HELP? 8mm what?


#1

It is a steel case. Very heavy case.
Bullet 7.72 mm,
Case length 83.37
Dummy? Primer looks real.
No headstamp. Head was filed by some one rust removal?
Any one know what it is?

.


#2

top


#3

Could it be something made up by someone to look like a cartridge, with a genuine bullet pushed into the neck? The “case” could even be solid steel if it is heavy, and the lack of headstamp also supports this theory. Still, that is probably NOT the right answer. Have you thought of pulling it to see if there is powder?


#4

On the back side of the neck is a single round divot meant to hold the bullet in place, to pull it would most likely ruin the cartridge. It is heavy enough to be solid steel. A dummy perhaps but for what? Vic


#5

BTT


#6

If this round is solid it could possible be a round used to check head spacing.
It looks like it may be from around the time of the war. Could have been issued to armorers to check rifles when they field serviced them .These types of rounds were made for a lot of different calibers. They are basically a go -no go gauge.
Been out of firearms a while so I maybe wrong.
Archer


#7

That sounds like a good answer but the big question is for what? I have nothing that gives me those measurements for any type of cartridge. Thanks Vic


#8

Have a couple of reference books to look through before I go out on a limb with an opinion.
If this was used for head spacing then the diameter would not be critical the length would be. If the round chambered and the bolt closed then the head spacing was to long,the rifle would then be finished(the rounds would be pushed up the chamber causing a misfire) if the bolt would not close the chamber was not worn out length ways.
Not an expert on military weapons but was there not one of the combatants in the first or early second world war using an 8 mm round?
Maybe there is some one out there with an opinion on this theory:)


#9

Putting on my shooter hat.

GO (Min bolt face to shoulder length, chamber is deep enough) and NO-GO (Max bolt face to shoulder length, chamber is to deep) gauges normaly stop at the shoulder (or just above the belt or rim on those types of cartridges).

Bulleted designs (like this one is) are normaly “action proving dummies” used to test the operation of the mag, feeding system, extraction and ejection. They can also be used to safely train people on how to load/unload a weapon.

However the presence of a primer is not somthing you would expect to find on a proving dummy, due to the potential for firing pin damage (unless it was added later??)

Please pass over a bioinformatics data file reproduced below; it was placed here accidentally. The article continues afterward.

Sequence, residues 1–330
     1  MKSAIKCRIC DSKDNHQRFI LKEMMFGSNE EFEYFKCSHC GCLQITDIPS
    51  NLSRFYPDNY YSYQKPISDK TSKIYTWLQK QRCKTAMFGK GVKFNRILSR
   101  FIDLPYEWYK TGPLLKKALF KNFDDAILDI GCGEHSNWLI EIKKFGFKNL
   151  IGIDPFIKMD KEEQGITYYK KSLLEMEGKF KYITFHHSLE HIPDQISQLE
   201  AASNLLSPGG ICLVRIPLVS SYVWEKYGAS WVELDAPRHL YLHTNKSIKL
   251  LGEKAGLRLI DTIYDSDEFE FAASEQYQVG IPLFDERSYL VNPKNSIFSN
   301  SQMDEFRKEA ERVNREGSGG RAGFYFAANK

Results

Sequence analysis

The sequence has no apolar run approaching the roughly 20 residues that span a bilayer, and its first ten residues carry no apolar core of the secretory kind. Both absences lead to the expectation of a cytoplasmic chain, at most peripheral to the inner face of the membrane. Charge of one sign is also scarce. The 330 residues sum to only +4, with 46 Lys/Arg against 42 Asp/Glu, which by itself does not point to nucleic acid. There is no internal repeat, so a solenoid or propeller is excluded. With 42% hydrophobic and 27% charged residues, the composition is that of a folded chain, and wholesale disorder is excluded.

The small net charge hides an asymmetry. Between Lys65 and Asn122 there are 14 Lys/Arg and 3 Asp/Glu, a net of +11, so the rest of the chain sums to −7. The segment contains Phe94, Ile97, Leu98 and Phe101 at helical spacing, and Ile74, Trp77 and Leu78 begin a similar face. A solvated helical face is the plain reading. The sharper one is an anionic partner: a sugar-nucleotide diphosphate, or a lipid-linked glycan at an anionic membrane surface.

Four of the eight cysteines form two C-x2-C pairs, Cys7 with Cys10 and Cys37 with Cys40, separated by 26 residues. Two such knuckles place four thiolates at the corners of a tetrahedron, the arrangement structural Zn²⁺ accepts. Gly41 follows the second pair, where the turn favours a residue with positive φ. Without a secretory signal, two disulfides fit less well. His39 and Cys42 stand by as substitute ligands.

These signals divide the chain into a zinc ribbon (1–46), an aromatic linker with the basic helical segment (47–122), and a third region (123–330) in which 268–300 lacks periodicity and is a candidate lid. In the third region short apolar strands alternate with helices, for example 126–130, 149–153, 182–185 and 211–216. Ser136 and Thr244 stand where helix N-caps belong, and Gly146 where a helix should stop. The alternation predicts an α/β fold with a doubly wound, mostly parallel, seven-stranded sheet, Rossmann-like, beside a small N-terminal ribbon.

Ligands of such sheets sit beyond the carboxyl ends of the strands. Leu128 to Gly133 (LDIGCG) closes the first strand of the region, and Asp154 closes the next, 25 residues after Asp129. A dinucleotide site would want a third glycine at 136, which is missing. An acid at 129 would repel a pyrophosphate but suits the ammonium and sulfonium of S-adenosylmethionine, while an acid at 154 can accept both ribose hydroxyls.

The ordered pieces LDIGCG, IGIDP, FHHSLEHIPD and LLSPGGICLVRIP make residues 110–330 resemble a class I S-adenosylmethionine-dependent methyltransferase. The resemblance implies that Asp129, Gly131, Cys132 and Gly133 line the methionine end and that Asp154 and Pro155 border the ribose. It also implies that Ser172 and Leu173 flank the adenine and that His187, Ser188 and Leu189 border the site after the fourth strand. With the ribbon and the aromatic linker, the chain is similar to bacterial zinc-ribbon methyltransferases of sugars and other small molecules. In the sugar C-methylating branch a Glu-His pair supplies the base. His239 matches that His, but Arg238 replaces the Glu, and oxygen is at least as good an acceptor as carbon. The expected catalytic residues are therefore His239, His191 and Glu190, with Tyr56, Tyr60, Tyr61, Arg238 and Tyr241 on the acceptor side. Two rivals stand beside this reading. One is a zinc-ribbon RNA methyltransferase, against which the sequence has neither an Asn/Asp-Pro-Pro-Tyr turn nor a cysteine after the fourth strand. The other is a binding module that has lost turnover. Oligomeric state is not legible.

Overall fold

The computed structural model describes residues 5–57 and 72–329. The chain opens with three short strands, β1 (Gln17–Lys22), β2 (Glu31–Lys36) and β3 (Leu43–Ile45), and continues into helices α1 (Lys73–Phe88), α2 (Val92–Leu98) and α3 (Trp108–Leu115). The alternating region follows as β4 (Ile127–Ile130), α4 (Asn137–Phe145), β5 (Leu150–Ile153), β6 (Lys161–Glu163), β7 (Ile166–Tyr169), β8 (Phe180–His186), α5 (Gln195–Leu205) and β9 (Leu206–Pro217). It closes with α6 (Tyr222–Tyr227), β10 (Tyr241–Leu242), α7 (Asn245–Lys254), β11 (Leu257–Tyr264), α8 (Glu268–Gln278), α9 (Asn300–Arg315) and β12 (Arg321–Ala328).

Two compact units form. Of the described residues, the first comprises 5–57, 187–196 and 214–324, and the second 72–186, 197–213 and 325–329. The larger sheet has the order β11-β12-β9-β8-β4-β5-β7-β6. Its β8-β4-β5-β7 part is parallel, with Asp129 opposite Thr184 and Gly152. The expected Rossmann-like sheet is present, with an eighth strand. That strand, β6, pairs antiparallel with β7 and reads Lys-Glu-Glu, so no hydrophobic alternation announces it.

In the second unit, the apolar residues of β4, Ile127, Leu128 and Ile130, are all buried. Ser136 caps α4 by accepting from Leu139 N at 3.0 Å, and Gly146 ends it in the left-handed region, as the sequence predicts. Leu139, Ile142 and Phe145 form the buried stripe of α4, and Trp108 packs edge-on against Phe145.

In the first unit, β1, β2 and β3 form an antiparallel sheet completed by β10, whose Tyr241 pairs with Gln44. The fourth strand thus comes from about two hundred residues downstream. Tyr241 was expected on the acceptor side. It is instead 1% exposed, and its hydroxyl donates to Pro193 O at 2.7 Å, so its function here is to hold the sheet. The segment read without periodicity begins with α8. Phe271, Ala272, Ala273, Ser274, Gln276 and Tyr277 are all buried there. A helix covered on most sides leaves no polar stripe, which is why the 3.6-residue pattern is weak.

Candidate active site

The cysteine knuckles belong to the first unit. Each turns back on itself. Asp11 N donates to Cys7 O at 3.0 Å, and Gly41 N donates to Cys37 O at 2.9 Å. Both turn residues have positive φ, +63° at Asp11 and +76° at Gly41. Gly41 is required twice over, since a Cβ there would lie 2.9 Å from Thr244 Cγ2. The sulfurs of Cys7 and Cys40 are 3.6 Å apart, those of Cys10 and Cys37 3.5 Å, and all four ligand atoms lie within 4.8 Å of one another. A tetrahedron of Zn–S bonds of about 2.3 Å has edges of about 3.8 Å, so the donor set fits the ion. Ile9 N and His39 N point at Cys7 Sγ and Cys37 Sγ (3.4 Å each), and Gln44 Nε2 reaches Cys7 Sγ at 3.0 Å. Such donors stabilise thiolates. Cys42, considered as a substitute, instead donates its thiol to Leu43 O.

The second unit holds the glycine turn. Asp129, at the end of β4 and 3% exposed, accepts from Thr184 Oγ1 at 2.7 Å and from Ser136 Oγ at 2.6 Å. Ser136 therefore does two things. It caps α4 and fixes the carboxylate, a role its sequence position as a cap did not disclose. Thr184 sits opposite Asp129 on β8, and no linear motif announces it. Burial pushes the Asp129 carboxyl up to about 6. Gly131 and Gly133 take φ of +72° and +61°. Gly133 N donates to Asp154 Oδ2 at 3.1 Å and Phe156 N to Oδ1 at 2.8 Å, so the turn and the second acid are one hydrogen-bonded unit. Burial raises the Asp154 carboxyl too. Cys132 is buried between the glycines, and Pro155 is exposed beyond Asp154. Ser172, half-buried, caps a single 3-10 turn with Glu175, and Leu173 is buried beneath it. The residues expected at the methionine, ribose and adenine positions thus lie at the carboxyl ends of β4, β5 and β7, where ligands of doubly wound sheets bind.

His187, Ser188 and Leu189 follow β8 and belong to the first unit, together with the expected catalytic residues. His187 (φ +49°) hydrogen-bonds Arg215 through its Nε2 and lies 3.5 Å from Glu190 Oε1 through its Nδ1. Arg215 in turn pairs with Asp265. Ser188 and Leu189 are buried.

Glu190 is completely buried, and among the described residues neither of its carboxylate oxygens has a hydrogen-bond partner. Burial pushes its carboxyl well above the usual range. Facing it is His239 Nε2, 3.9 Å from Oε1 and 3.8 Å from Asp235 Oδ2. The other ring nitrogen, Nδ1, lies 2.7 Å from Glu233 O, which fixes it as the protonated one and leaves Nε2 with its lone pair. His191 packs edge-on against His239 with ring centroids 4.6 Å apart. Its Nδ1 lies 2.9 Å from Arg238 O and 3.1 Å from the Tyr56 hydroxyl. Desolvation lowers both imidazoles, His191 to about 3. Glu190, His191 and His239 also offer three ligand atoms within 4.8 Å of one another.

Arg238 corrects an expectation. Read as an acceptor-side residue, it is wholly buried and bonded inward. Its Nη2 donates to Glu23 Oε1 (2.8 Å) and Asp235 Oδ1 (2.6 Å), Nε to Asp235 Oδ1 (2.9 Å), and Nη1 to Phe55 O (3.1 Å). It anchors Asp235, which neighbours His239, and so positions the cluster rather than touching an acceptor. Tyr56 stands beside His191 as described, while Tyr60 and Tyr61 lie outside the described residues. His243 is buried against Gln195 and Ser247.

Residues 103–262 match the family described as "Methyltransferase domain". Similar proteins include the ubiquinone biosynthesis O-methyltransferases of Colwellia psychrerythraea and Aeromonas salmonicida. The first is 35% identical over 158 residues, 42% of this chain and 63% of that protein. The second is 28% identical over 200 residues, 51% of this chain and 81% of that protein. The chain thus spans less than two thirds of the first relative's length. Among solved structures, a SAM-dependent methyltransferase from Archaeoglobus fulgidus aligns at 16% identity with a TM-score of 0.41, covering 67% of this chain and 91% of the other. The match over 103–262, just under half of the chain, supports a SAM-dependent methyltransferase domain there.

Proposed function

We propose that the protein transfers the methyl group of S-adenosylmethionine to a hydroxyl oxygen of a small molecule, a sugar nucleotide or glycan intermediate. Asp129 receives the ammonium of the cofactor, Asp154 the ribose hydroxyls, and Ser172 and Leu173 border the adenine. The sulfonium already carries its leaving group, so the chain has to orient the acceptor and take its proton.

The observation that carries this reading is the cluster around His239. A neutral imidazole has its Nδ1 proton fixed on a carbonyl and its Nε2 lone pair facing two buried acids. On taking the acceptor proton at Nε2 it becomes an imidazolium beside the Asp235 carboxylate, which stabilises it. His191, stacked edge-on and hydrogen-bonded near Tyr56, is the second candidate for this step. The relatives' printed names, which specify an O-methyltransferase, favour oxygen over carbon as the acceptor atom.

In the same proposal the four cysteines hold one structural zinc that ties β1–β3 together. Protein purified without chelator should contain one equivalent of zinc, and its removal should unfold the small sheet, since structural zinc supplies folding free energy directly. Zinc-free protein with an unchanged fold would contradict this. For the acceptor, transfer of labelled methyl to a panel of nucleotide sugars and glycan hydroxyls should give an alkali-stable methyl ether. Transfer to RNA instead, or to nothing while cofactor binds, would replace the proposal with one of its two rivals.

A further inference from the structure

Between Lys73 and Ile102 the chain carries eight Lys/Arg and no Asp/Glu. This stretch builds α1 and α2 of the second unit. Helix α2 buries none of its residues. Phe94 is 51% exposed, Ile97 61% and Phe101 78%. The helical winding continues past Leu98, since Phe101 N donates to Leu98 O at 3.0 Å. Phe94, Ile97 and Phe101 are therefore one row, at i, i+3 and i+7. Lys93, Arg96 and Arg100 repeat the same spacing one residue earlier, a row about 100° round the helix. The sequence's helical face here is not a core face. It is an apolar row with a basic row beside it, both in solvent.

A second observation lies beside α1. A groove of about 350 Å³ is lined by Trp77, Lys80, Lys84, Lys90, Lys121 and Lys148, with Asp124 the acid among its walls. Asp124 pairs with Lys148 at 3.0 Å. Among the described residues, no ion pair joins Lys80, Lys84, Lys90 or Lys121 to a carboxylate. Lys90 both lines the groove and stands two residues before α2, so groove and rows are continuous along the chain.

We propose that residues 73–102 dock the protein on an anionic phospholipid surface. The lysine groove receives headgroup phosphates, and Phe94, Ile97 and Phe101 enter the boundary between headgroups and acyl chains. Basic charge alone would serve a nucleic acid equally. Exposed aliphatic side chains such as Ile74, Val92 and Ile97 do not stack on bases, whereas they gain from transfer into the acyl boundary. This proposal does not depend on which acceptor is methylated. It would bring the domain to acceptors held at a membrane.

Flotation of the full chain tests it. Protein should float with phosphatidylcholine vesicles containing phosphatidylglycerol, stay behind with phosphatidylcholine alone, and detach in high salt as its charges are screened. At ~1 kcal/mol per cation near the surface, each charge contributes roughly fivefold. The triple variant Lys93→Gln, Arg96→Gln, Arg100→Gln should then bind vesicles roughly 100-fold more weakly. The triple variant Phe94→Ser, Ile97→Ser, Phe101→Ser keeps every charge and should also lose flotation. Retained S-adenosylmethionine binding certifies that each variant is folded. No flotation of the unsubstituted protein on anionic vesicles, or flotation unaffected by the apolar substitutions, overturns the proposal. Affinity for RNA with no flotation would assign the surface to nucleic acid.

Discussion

#10

Archer - lots of countries used 8mm weapons during WWI and WWII. However, none used an 8mm weapon with a 83.37mm case length. The German 8mm (7.9 x 57) Mauser was with a 57mm case length, in the normal range for Rifle and Machinegun cartridges of the time. Our .30-06 was one of the longest of the military rounds for normal rifles and machineguns, with a case length of 63mm.


#11

It certainly is a strange cartridge. The only rounds I know of about that calibre which are as big as that are some of the 1930s anti-tank rifle rounds, like the German 7.92x94, the Polish 7.92x107 or the Spanish 7.92x87, but this isn’t any of those that I know of.

In any case, if it’s military the round-nosed bullet implies a date of around the beginning of the 20th century.


#12

The odd thing is, it appears that this “cartridge” is loaded with a RN lead soft-point, which means it would be a sporting/hunting rifle cartridge, not a military one; it certainly wouldn’t be North American (though the proportions look sort of “280 Ross-ish”), and I can’t think of any British or European cartridges that are even CLOSE to the measurements given. (?)


#13

Well Vic I may have been wrong but look at all the interesting information that came forward. Hopefully some one out there has the right answer for you.


#14

There is a 7,9X85 unknown experimental (Woodin 1 279) but I have no image to compare it to. My first thought on see it was that it is a decorative item, but pulling the bullet may tell you more.


#15

It has been a while and no real answer has come up . With all of the new readers I will try again.


#16

Vic,
did you check if the base/rim dimensions are close to any known cartridge?.
There is also a 8 x 87 spanish cartridge but it is longer and hasn’t got the very sharp shoulder of your round.

Pivi


#17

Hi Vic,

     This is a FANTASTIC .322 Rigby experimental unknown armourers dummy variation with the already known extra long case (83 mm). The bullet seems to be the same as the experimental .322 Rigby with 2 3/4" (70 mm) case but the diameter seems to be too small. Plese check it.

     Can you post the complete measurements of this cartridge? 

:: Please, don’t forget to including body lenght, neck lenght, rim thickness and shoulder diameter.


#18

Fede: Sure can, you have been the only one with a clue as to what it is actually used for.

total loaded length 101.6 mm
bullet at the base 7.70 mm
head diameter 14.99 mm
diameter at shoulder 12.91
almost rimless but diameter at web is 14.88 mm
case length 83.44 mm
neck length 15 mm
shoulder to base 66.96 mm
single stab or pin in the neck secures the bullet
shoulder and neck seem to show a very slight milling marks
very heavy so very possible solid iron case
Thanks Vic


#19

This is not a Rigby .322 dummy - blt diameter would be .3295L - .3305H (inches). Also caselength would be 2.885L - 2.90H inches (73.68mm). Total loaded length would be 3.73L - 3.75H (inches).


#20

Hi Vic and John P-C,

I'm not talking about the 73,5 mm case but the .322 with a 83 mm case version for an unknown (to me) Rigby magazine(?) rifle (this case also exist in a .350 caliber brass & wood dummy). However, the case measurements reported by Vic are also different. It may be another Rigby experimental, but I don't know wich one. Maybe I'm on the wrong path.